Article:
Tow truck drivers:  Death & Tipping

Workers in the motor vehicle towing industry face an on-the-job fatality risk nearly 15 times greater than workers in all other private industries, according to a recent study from the National Institute for Occupational Safety & Health (NIOSH).

Analyzing data from the Bureau of Labor Statistics, NIOSH researchers found that 191 motor vehicle towing workers were killed between 2011 and 2016, resulting in an annual rate of 42.9 deaths per 100,000 full-time equivalent workers. For all other industries, that rate was 2.9 per 100,000 FTEs.

Additionally, the annual nonfatal injury rate among motor vehicle towing workers during that same period was 204.2 per 10,000 FTEs – more than double the rate of 98.2 for all industries. Other findings:

  • Motor vehicle incidents were the leading cause of towing industry worker deaths, accounting for 64 percent. Contact with objects and equipment (17 percent) was second.
  • Contact with objects and equipment (34 percent) and overexertion and bodily reaction (32 percent) were the leading causes of nonfatal injuries.
  • Men accounted for 97 percent of the deaths and 94 percent of nonfatal injuries.

“Until now, nonfatal injuries and deaths in the motor vehicle towing industry have been largely overlooked,” NIOSH states. “The findings from this study underscore the need for additional research and tailored prevention efforts.”

Roadside service. 

Think about how long it would take you to change a flat tire. Then imagine how much time you save when a tow truck or other form of roadside assistance does it for you.  USA TODAY talked with expert William Frye, an associate professor at Niagara University's College of Hospitality and Tourism Management, for some advice. "Not only are they providing a service, but they're providing a convenience in just making my life a lot easier," Frye says. A tip of $10 is great, and you can opt to give more if, for example, it's raining or snowing outside.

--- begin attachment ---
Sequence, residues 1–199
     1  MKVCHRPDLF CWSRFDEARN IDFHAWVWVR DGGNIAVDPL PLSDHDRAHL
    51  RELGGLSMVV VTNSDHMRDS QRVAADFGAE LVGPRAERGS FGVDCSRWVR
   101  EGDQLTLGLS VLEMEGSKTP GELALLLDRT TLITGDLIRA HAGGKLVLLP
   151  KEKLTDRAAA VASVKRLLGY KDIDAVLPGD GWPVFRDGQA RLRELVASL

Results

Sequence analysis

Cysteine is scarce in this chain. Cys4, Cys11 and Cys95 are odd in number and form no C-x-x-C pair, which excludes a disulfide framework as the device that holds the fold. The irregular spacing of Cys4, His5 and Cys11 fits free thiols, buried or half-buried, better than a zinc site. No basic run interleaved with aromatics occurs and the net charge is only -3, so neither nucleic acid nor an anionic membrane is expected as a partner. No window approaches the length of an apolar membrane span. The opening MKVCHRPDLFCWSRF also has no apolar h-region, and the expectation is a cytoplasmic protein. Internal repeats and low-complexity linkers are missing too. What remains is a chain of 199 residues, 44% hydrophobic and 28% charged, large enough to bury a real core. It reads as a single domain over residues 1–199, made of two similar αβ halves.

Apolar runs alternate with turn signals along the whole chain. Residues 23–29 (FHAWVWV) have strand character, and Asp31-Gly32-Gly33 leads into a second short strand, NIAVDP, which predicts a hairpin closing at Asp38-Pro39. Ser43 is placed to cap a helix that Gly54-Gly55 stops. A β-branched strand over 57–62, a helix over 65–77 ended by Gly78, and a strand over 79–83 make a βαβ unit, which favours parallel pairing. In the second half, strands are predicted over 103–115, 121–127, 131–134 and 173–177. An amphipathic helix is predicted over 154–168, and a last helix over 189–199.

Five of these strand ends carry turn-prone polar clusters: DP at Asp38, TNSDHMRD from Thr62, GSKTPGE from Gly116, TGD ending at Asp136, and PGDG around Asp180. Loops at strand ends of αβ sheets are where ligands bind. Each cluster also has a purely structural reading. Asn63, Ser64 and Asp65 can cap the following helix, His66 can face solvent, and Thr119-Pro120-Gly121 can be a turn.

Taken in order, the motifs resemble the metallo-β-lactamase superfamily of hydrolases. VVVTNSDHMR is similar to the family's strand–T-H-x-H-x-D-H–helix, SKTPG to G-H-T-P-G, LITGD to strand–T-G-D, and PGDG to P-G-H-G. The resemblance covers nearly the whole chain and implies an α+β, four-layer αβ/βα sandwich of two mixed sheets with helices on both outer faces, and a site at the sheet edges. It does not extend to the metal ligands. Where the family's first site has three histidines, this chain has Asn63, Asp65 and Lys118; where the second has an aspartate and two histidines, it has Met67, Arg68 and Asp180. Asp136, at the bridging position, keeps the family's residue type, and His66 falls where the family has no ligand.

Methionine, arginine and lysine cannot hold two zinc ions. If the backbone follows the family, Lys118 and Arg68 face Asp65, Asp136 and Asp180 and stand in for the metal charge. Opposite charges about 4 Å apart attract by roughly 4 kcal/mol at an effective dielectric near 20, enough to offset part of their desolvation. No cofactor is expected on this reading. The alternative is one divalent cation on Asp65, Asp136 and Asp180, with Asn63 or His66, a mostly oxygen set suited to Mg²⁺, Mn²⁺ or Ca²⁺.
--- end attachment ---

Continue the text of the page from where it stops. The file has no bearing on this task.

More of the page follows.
The driver would be more conscientious about taking care of your car, like making sure your keys go in the right place where it is being towed, etc. if he gets a small tip.

Depending on how stranded you are, up to 20.00 for a tow is not unreasonable, five or more for regular things.

AAA drivers have territories, so chances are you may get the same driver and if you give him a tip, any tip, he will remember you the next time.

Meanwhile, if a tow truck shows up to get you out of a jam—be it locking yourself out, a jump-start, changing a tire, or a tow—$5 is an excellent way to show your appreciation in a time of need.

Posted 12:04 PM

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